With Great Storage Comes Great Responsibility
Portable electronic storage devices such as USB flash drives, external hard drives, cell phones, MP3 players, and other mobile devices with data storage capabilities have become very popular because of their portability and low prices. However, the use of such devices comes with risks that must be recognized and addressed to protect both the physical devices and the information they contain.
The most important thing to realize is that the increasingly high capacity of such devices allows for storage of huge amounts of data in a small footprint. Secondly, there are increasing concerns about privacy, identity theft, and the volumes of data already maintained in electronic databases on each of us.
The University is legally obligated to protect various types of data under its control which are protected by various laws and regulations such as PCI, HIPAA, FERPA, FACT, etc. All University employees need to recognize the part they play in adequately protecting sensitive data.
The most effective way to secure sensitive data is not to store it on mobile devices. Ideally, sensitive data should only be stored on authorized University servers and accessed remotely using secure communication techniques provided by authorized University IT resources. However, University business requirements may sometimes justify storing restricted data on mobile devices. In those limited cases, users must obtain permission from appropriate University management and ensure that reasonable steps are taken to keep the University’s sensitive data private and secure.
Mobile storage devices are subject to one principal risk — theft or loss — and secondly, unauthorized access or copying. It has been reported that data on electronic devices may be routinely copied at border crossings. In any case, disclosure of potentially sensitive data, including intellectual property, can lead to lasting damage to the University’s reputation as well a myriad of expenses that may include fines, legal costs, notification fees, etc.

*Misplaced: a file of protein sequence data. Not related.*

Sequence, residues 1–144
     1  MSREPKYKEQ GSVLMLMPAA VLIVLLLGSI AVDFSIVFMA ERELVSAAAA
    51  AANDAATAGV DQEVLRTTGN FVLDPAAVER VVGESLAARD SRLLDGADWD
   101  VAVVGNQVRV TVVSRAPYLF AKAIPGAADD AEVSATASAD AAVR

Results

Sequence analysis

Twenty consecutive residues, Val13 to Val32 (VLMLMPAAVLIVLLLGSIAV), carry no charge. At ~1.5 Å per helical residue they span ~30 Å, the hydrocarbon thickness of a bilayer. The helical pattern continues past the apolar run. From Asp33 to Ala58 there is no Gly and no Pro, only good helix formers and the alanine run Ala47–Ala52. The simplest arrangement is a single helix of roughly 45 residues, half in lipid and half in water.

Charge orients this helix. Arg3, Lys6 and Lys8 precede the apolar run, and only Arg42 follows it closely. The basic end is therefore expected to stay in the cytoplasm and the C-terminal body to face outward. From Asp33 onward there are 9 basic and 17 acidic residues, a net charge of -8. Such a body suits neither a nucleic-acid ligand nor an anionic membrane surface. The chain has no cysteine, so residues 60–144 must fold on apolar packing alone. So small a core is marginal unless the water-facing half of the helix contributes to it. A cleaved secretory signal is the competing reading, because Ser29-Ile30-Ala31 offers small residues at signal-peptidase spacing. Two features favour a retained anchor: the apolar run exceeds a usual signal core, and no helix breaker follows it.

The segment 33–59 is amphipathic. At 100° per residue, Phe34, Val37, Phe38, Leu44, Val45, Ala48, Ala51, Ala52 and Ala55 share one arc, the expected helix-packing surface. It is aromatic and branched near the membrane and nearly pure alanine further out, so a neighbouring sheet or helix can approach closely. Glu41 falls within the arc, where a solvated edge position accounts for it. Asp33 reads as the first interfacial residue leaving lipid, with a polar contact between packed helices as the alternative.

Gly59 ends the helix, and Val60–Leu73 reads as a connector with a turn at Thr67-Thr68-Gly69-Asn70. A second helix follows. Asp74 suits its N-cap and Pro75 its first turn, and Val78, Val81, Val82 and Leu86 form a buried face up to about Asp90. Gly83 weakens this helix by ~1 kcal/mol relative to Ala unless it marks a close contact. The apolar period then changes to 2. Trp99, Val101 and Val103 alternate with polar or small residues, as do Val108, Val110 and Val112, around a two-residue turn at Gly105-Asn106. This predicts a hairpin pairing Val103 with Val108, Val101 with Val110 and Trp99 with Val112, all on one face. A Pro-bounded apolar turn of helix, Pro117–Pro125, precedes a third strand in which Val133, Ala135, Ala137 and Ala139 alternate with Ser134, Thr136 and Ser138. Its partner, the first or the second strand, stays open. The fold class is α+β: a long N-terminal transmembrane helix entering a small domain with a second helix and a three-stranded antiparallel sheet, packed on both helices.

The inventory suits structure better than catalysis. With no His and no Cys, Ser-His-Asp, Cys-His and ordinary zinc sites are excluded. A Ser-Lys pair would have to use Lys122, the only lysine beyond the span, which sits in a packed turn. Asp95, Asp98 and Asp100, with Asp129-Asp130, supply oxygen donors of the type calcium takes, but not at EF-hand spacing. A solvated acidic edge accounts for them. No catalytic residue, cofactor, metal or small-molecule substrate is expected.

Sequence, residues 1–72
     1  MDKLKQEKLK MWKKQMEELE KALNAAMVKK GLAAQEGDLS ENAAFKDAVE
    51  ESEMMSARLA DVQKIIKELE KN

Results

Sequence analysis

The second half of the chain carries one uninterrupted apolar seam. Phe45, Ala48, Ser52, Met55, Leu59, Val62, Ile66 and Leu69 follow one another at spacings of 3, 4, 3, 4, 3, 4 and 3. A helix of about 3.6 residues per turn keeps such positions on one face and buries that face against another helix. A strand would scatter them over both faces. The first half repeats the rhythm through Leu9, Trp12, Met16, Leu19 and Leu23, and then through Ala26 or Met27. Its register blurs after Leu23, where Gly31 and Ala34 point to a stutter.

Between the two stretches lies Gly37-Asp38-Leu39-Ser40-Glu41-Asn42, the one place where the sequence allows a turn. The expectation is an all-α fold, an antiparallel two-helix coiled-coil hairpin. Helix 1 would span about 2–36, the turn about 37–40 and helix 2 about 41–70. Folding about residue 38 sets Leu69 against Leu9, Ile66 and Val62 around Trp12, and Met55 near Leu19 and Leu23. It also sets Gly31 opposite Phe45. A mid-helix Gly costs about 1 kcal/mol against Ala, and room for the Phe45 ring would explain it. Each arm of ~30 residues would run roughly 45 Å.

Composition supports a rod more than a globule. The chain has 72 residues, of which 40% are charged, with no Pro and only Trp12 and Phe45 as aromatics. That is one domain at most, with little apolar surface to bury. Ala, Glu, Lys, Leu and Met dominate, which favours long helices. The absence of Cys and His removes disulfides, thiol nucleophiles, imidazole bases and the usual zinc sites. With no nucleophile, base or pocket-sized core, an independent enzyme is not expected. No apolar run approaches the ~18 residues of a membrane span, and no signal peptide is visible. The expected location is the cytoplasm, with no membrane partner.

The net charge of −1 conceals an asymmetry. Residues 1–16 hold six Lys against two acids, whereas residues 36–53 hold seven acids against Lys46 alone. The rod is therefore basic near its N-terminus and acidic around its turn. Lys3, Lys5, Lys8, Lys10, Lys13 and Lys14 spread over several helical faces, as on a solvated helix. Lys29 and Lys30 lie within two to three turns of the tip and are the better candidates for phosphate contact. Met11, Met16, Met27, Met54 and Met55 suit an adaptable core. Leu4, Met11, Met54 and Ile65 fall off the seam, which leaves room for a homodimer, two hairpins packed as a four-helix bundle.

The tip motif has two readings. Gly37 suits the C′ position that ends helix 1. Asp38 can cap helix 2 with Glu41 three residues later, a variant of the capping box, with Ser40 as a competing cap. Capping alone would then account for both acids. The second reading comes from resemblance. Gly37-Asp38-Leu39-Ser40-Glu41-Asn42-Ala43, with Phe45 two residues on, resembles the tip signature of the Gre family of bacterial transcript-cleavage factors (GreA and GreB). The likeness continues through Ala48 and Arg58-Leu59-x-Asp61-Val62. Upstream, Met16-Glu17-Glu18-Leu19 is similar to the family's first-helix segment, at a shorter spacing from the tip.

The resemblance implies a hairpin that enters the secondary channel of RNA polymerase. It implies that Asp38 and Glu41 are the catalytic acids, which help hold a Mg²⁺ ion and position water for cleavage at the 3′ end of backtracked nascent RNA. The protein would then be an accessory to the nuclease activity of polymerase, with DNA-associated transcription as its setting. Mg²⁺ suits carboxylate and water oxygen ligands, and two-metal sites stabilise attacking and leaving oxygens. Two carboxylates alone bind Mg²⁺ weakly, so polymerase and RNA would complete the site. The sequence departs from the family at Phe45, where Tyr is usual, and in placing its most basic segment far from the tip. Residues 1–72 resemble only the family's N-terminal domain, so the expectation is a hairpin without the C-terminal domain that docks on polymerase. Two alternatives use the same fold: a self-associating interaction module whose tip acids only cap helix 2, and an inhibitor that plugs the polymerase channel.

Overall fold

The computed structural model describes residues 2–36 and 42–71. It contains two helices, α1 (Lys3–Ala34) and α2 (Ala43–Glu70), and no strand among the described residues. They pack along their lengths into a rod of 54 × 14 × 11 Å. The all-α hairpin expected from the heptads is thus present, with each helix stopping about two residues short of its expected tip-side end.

The principal precaution, again, is not storing sensitive data on the mobile device. However, assuming that there is a valid and approved business reason for such storage, then the active protection must be the use of encryption to protect data stored on the device from unauthorized access.
Some laws and regulations allow a “safe harbor” if the data lost on a device is encrypted using a generally accepted encryption algorithm, preventing a potentially embarrassing or costly situation for you and the University. All new University laptops are required to have encryption software installed. Many USB flash and hard drives now come with encryption features for little additional cost — consider purchasing only such versions. Don’t forget, encryption implies a means of decryption. If you leave the password for decrypting the data easily accessible, the strength of the encryption algorithm is irrelevant; just like leaving the key to your home dangling by a string from your doorknob.
Encryption is essential, but it is not a substitute for common sense. Always keep track of and physically secure your mobile devices, especially when traveling. Contact your IT support group for help with encryption and other security measures for your mobile devices.
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Posted: January 12, 2009